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Psoriasis associated with a higher cancer risk

Presented by
Mr Alex Trafford, University of Manchester, UK
PFGC 2021
A large, pooled population-based cohort study from Denmark, England, Israel, and Taiwan showed that psoriasis, especially severe disease, is linked to a higher cancer risk overall and in specific sites. In addition, psoriasis was associated with several cancers beyond those currently regarded as connected.

Mr Alex Trafford (University of Manchester, UK) noted that an association between cancer and psoriasis is plausible due to the chronic inflammation in psoriasis patients [1]. Moreover, lifestyle factors like smoking and alcohol consumption are particularly prevalent in patients with psoriasis. Yet, previous studies of cancer risk in people with psoriasis have yielded inconsistent results. To evaluate the possible relationship, Mr Trafford and colleagues aimed to investigate the risk of cancer occurrence in individuals with psoriasis by analysing data from population-based health records from Denmark, England, Israel, and Taiwan. They also wanted to explore whether cancer risk is associated with psoriasis severity. “As we had no direct data, we used systemic therapy as an indicator of moderate-to-severe psoriasis,” he explained.

Individuals with psoriasis from the cohort were matched with up to 6 individuals with no prior record of psoriasis based on a minimum of age, sex, and calendar time. Country-specific risks of cancer overall and site-specific cancers were analysed using Cox proportional hazards models. Patients who had cancer before were excluded from the analysis.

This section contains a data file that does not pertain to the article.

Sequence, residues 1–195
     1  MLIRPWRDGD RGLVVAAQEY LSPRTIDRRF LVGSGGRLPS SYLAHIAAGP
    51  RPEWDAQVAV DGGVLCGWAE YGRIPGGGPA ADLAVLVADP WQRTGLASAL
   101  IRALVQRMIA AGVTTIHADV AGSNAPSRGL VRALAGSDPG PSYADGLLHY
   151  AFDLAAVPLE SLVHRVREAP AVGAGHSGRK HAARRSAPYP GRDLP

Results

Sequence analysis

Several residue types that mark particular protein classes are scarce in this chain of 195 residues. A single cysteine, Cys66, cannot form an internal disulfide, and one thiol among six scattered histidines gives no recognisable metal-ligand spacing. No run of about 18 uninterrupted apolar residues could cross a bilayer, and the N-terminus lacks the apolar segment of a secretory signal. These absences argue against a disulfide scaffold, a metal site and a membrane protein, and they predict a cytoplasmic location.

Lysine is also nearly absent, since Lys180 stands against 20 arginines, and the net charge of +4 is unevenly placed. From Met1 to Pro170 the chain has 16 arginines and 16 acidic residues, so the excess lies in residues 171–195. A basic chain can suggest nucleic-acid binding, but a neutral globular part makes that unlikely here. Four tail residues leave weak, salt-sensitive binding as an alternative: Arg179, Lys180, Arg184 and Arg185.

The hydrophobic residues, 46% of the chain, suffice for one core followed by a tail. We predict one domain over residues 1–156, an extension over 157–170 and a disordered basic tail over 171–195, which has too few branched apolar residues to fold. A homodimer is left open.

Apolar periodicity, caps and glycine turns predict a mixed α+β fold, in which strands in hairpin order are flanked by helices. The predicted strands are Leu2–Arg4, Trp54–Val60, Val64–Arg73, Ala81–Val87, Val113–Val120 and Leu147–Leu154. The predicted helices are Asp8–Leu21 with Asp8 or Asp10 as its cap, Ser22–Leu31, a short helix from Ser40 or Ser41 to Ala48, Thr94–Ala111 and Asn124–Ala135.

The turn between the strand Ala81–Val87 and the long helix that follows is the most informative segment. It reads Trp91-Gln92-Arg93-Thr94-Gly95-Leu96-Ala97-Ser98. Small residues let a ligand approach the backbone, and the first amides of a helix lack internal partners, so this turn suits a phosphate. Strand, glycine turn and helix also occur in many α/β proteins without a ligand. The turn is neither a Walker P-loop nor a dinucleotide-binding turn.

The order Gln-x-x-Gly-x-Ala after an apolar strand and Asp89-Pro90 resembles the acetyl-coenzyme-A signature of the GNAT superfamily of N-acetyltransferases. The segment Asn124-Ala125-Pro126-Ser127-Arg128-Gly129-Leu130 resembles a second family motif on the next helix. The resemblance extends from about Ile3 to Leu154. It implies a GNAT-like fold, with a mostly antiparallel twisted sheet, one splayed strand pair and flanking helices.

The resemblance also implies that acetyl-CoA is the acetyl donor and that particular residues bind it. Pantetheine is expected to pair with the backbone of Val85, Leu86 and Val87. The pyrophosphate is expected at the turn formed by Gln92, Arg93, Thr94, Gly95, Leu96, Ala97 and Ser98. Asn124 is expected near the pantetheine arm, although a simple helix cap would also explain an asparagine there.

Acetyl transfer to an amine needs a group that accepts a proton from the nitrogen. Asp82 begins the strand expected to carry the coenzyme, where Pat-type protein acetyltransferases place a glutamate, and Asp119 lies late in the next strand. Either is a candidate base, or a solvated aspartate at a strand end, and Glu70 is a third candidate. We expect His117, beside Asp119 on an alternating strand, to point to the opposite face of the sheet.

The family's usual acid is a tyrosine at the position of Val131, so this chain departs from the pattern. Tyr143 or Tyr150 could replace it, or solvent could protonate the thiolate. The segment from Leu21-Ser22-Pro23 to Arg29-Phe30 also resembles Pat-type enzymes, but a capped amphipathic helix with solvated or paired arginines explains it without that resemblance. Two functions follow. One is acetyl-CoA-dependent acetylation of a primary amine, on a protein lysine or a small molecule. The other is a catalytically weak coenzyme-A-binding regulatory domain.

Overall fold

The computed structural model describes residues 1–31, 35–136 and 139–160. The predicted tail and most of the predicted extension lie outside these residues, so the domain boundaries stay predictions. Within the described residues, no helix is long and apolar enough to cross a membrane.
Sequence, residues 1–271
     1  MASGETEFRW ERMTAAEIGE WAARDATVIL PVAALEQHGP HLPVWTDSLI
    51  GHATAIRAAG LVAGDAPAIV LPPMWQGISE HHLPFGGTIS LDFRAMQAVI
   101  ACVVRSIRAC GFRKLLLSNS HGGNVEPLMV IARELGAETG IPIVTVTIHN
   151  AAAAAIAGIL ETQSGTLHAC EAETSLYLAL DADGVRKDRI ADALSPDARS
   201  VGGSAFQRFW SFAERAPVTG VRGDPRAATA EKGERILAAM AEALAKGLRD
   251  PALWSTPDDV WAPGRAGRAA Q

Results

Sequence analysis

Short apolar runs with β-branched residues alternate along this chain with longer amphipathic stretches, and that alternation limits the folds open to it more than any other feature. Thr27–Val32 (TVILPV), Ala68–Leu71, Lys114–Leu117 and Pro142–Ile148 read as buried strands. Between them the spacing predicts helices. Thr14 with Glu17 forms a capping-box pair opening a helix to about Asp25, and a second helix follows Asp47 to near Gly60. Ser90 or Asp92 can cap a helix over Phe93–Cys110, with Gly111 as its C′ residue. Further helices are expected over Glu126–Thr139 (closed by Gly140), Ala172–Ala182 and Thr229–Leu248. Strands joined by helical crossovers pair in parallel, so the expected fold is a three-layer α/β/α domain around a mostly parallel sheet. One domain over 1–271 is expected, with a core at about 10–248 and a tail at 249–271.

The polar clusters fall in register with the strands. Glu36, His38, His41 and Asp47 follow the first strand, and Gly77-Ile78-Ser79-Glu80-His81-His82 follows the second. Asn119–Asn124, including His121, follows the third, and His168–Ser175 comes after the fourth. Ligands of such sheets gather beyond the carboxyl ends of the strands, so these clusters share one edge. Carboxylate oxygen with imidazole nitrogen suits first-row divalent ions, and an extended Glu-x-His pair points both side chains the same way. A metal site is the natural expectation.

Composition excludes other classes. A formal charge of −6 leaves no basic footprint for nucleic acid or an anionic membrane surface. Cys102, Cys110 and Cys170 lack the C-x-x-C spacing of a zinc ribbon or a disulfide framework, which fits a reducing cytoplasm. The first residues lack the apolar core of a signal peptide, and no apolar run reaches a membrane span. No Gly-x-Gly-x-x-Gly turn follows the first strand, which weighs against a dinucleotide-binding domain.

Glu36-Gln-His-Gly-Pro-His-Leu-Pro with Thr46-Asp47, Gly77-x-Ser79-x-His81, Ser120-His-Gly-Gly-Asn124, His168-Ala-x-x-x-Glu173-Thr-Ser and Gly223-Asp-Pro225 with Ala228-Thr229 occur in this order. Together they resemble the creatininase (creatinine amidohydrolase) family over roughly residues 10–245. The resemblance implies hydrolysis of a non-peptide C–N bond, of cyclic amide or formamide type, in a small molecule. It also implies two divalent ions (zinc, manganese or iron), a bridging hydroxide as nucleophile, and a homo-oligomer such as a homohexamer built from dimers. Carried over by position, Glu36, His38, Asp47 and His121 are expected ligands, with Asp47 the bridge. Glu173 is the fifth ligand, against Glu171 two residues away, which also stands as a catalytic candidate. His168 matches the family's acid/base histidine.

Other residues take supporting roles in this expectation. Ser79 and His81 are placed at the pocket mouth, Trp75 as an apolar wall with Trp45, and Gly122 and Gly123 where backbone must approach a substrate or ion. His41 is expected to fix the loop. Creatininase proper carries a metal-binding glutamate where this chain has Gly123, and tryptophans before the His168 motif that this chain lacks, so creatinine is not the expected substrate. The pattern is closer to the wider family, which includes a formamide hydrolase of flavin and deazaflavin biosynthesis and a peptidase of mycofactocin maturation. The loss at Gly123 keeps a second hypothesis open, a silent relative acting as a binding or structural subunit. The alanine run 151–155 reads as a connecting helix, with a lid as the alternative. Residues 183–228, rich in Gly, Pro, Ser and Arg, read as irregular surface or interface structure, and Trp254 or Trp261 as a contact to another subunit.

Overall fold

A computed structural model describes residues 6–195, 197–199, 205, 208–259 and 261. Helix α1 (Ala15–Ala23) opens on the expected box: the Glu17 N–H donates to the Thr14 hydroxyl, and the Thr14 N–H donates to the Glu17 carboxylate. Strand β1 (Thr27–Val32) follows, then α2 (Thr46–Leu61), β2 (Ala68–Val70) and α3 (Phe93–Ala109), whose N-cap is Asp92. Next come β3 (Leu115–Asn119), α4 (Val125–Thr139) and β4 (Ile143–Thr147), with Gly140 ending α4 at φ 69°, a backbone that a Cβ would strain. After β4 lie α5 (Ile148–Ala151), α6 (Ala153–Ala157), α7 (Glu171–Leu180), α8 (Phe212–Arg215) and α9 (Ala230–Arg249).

The analysis included 702,062 participants with psoriasis and 4,185,596 matched comparators. Age and sex were similar between countries. Patients in Denmark were older; in Taiwan, they were more likely to be men. In crude models, individuals with psoriasis (pooled HR 1.08; 95% CI 1.04–1.13) and the subgroup with moderate-to-severe psoriasis (pooled HR 1.16; 95% CI 1.04–1.28) had a slightly higher risk of cancer overall.

Further, people with psoriasis had higher risks for the following site-specific cancers: oral cavity, pharynx, oesophagus, liver, pancreas, kidney, bladder, skin (keratinocyte), Hodgkin lymphoma, non-Hodgkin lymphoma, and leukaemia. However, the risk elevation differed between cancer types, from a relatively modest 9% relative risk elevation in pancreas cancer to an almost doubled risk for Hodgkin lymphoma. “The cancer risk was exacerbated in more severe psoriasis. Moreover, additional associations for lung cancer and ovarian cancer were found in these patients,” Mr Trafford said.

In summary, the study established the associated increased risk of developing cancer in psoriasis patients. Associations generally persist, with a more pronounced risk, when limited to people with moderate-to-severe disease. The current study revealed that psoriasis is associated with several cancers, beyond those currently regarded to be linked to the condition. This should be recognised to guide optimal psoriasis care and future research.


    1. Trafford AM, et al. Psoriasis and the risk of cancer development: pooled population-based cohort studies from Denmark, England, Israel and Taiwan. FC13, Psoriasis from Gene to Clinic 2021, 9–11 December.


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